Current crop conditions in the cereal growing region of Northwest Africa (Morocco, Algeria, and Tunisia), appear to be good despite a period of dryness during December, January, and February. In this semi-arid region rainfall is the most critical yield determinant. Precipitation during the 2013/14 crop season has been mostly favorable. The periods at planting (October and November), and at green-up (March and April), are the most important times for significant rainfall. While also beneficial, winter precipitation however, is not as critical as rain received during these other stages of plant growth.

Mar 28 2012 | Dryness Continues in Northwest Africa's Largest Grain Producer, Morocco.
Crop conditions in Northwest Africa are mixed for 2012/13 grain season as weather has split the region into halves with favorable conditions in the east (Tunisia and most of Algeria) and unfavorable conditions in the west (Morocco and western Algeria). Normal rainfall ended in Morocco during November, leaving drought to overtake the area and crops struggling as soil moisture levels were nearly depleted in Morocco and western Algeria. Conversely, Tunisia and eastern Algeria continued to receive frequent rain events and hence favorable moisture levels during the winter and spring.

Jun 2 2010 | Morocco: Heavy Winter Rains Assure a Large Grain Crop But Intensity and Timing Prevent Record
Staff from USDA's Foreign Agricultural Service (FAS) traveled in Morocco during late March and early April 2010 to assess crop conditions. Morocco is a significant producer of two cereal crops: wheat and barley. It typically produces between fifty and sixty percent of Northwest Africa's grain production. Morocco is also one of the world's largest grain importers as even in its best years, the country isn't able to meet domestic demand. The Moroccan grain crop is almost exclusively rain-fed and production is notoriously variable, having to rely on the prevailing storm track. If storm systems don't follow a favorable southern route over Morocco, the country's agriculture, particularly in the central and southern regions, suffers high yield losses due to the lack of precipitation. If high summer-like temperatures come early in the late growing season, they can exacerbate low soil moisture conditions.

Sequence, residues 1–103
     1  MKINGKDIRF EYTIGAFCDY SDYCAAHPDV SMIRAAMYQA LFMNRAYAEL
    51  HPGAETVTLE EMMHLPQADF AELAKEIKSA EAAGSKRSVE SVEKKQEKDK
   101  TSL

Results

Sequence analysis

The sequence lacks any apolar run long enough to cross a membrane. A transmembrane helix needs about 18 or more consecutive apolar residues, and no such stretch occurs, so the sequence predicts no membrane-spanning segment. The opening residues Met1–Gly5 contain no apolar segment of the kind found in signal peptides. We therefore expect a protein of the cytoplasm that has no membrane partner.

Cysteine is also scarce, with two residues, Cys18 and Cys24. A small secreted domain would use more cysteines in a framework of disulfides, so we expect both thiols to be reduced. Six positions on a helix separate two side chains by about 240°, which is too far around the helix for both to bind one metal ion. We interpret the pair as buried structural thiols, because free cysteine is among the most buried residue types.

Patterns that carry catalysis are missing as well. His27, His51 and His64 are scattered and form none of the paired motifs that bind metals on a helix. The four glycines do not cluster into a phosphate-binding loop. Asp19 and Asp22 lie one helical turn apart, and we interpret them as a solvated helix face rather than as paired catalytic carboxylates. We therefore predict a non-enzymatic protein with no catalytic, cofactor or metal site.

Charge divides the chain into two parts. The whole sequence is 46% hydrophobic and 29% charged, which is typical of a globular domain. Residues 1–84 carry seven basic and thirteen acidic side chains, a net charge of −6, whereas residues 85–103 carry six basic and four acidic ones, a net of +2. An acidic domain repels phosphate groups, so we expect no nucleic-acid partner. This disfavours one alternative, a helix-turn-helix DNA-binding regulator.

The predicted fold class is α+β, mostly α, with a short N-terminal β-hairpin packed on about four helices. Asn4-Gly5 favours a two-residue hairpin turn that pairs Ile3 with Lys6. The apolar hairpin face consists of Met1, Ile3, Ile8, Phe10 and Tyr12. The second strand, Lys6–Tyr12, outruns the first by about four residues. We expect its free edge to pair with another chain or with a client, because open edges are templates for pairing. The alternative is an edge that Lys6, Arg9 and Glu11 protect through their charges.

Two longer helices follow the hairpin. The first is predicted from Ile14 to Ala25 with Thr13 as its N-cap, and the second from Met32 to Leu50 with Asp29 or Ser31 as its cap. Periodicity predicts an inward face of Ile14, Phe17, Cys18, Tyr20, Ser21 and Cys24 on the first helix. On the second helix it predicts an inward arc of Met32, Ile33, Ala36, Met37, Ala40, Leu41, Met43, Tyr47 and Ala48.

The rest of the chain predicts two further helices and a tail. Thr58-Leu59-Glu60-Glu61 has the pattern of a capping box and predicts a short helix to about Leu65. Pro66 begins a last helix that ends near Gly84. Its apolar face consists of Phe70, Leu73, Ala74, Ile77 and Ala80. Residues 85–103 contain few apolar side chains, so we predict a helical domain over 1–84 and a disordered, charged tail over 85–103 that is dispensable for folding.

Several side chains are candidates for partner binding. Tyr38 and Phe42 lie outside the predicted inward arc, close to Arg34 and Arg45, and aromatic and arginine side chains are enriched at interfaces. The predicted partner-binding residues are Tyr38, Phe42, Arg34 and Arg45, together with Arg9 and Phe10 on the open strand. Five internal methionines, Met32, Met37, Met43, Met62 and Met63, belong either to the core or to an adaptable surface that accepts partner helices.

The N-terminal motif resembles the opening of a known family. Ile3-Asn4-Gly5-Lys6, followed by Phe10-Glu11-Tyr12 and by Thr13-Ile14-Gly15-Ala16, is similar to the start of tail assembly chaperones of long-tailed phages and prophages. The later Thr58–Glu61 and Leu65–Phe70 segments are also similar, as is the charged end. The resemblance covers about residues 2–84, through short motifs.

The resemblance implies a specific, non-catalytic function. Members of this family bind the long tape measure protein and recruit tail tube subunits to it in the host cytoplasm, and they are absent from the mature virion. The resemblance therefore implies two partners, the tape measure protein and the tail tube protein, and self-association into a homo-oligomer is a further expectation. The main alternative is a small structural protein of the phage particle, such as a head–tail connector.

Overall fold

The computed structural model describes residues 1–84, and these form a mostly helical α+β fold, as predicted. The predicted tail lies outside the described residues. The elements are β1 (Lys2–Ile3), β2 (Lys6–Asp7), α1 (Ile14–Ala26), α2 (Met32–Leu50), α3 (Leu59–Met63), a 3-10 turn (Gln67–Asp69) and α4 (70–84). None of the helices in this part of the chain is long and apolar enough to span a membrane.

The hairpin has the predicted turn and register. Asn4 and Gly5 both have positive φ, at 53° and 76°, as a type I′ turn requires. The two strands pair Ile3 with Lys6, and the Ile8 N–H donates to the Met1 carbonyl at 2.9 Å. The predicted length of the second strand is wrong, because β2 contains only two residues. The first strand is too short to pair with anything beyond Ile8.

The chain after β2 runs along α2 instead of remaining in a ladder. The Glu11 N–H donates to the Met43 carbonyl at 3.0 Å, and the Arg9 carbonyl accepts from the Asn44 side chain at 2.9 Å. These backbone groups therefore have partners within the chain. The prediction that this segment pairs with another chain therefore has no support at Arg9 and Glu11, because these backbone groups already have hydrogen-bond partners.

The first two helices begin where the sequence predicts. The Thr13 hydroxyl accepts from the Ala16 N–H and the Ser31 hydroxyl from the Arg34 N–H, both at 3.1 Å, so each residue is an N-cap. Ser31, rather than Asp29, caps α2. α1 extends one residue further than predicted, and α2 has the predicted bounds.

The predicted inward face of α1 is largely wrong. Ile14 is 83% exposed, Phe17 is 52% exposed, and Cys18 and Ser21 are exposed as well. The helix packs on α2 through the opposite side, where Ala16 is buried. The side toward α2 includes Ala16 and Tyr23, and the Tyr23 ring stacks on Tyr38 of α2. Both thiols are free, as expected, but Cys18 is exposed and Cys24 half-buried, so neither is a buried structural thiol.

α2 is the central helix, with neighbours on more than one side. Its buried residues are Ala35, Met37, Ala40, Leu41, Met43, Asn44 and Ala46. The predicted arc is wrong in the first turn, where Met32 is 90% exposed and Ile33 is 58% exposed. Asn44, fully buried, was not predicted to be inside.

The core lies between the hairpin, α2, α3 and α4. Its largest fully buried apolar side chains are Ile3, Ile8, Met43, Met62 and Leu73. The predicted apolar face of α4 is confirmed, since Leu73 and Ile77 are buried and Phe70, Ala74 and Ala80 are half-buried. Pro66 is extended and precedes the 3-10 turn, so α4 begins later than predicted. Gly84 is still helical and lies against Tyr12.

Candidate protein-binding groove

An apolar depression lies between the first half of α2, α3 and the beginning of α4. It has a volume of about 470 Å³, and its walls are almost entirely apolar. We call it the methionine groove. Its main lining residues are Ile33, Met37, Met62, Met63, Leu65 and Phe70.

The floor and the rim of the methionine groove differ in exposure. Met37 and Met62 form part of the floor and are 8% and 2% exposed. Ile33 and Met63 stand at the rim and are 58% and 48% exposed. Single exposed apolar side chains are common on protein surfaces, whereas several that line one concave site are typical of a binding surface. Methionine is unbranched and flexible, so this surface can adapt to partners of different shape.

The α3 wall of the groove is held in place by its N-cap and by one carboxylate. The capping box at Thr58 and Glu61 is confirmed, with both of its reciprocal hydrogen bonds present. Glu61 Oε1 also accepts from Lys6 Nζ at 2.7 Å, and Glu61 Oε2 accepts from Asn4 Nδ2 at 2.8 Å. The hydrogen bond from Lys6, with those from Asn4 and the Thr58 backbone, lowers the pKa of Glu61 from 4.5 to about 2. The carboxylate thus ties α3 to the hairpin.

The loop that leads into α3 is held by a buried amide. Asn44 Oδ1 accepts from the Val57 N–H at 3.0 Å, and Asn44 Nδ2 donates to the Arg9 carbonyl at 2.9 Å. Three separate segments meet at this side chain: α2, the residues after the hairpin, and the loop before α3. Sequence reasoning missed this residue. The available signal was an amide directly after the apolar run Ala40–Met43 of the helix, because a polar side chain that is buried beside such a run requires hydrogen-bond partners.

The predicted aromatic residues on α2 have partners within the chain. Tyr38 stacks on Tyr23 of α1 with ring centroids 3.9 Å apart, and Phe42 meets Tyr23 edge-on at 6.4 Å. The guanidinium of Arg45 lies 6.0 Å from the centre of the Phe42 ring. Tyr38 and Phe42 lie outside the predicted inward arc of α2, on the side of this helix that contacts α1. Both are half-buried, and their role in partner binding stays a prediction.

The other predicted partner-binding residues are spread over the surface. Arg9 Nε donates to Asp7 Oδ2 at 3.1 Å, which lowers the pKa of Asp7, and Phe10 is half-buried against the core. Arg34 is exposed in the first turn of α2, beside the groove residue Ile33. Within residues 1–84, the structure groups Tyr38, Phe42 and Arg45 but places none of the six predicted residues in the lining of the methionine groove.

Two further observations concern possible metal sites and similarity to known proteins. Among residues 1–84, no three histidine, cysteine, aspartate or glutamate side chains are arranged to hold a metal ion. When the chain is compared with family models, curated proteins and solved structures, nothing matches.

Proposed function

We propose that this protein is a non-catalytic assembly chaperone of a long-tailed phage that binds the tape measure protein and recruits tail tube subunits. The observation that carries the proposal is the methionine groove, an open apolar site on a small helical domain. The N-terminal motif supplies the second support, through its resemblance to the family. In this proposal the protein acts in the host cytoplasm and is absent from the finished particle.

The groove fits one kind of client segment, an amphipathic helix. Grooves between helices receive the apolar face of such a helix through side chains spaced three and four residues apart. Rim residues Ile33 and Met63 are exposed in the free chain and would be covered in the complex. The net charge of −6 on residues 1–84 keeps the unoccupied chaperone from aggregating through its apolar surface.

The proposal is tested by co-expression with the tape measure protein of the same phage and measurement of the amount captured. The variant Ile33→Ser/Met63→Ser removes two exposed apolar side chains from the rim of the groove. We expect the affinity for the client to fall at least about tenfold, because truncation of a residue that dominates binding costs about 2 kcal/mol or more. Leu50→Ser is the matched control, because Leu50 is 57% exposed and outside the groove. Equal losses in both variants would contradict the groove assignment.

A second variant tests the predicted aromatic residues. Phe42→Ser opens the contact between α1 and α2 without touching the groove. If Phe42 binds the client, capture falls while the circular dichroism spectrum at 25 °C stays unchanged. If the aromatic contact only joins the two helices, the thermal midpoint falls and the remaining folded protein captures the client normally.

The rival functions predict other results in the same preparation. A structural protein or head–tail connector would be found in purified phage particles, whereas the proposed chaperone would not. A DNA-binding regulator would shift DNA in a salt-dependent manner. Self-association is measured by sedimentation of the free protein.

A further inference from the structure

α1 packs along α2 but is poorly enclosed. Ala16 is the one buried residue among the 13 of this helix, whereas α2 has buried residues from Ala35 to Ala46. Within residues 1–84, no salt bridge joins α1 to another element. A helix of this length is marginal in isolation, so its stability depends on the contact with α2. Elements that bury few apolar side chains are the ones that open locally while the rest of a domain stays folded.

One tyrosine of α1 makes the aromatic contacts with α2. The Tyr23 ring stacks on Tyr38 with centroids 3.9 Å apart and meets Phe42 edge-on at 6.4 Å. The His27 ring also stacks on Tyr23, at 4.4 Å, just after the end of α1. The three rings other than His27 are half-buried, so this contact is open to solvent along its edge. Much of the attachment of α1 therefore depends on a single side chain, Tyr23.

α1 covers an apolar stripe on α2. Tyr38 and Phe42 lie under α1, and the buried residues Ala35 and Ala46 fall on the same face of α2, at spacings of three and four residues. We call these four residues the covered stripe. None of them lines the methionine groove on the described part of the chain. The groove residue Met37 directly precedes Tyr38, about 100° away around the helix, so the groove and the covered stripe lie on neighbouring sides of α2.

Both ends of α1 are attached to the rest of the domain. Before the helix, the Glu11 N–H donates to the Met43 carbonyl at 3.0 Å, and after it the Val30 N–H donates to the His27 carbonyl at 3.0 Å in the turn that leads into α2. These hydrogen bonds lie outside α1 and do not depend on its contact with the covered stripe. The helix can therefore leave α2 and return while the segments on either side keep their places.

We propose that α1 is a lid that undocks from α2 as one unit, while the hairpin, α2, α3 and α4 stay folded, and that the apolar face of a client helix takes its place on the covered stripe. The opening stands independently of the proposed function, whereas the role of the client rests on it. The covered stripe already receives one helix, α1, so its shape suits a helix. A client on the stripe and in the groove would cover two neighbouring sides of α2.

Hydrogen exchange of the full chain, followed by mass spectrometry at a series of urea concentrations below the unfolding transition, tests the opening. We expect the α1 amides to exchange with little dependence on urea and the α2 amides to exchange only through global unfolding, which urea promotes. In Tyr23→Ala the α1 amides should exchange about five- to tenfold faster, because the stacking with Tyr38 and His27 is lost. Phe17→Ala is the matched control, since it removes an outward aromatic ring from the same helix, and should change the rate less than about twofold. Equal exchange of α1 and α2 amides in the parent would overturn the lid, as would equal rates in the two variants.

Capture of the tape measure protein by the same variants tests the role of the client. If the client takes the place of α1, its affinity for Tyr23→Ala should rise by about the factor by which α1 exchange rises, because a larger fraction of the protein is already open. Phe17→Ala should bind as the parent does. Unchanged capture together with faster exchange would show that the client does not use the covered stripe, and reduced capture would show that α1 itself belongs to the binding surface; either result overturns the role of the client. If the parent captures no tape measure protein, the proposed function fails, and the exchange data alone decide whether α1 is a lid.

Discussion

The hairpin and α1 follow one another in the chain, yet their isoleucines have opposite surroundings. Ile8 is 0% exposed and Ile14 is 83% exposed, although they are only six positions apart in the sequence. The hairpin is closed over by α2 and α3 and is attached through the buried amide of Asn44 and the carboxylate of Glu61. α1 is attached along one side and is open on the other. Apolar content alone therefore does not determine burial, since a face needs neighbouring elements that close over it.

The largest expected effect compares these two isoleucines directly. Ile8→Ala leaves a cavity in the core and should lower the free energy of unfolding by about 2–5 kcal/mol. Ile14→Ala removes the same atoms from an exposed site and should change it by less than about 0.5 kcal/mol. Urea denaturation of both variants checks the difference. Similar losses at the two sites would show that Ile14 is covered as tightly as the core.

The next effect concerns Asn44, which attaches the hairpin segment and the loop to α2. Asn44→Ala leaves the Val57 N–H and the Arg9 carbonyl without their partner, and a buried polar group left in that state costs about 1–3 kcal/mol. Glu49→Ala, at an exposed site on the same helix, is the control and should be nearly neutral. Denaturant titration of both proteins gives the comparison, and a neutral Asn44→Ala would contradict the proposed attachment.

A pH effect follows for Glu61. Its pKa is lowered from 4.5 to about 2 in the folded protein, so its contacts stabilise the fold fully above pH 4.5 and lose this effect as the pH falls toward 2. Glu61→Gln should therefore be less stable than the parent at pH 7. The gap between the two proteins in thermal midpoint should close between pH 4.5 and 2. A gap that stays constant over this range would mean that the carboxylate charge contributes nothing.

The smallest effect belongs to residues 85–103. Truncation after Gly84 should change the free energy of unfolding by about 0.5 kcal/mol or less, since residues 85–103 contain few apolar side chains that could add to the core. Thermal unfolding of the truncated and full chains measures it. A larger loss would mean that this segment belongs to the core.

Jun 2 2010 | Estimated 2010/11 Grain Production In Tunisia Falls 50 Percent from Last Season
Crop Travel Confirms Precipitation Missed Central and Southern Agricultural Regions. Agricultural specialists from FAS traveled through Tunisia during early April 2010 to visit fields, speak with farmers, and to meet with various agricultural specialists in the public and private sectors about the current conditions and situation and learn about issues facing grain production in the country.

Feb 2 2009 | North West Africa: Current Situation
The total 2009/10 winter wheat and barley crop in Northwest Africa (Morocco, Algeria, and Tunisia) is well positioned to become a bumper or even record crop. The three-country region is normally a consistent, large import market for grain; however, if the region continues receiving favorably wet weather this spring, its imports could be dramatically reduced.

Feb 22 2006 | Northwest Africa: 2006/07 Winter Grains Well Established.
Weather has been beneficial for the 2006/07 winter grains crop in Morocco, Algeria, and Tunisia. The two dominant grain crops in the three-country northwest Africa region are wheat and barley. Both crops appear to be well established in all three countries.

May 22 2000 | Tunisias Cereal Harvest Mirrors the Rest of Northwest Africa
With the paucity of rainfall in late April and early May, grain production prospects in Tunisia have been considerably reduced. The one mid-April precipitation event that occurred, while highly anticipated, did not boost moisture to needed levels. Moreover, this rain combined with above average temperatures to create a hot, humid environment that promoted the emergence of pests and fungi, reducing both yields and quality of the already drought-stricken crops. Harvesting should now be underway, and will continue through June.

Jan 16 2001 | Northwest Africa Winter Grain Prospects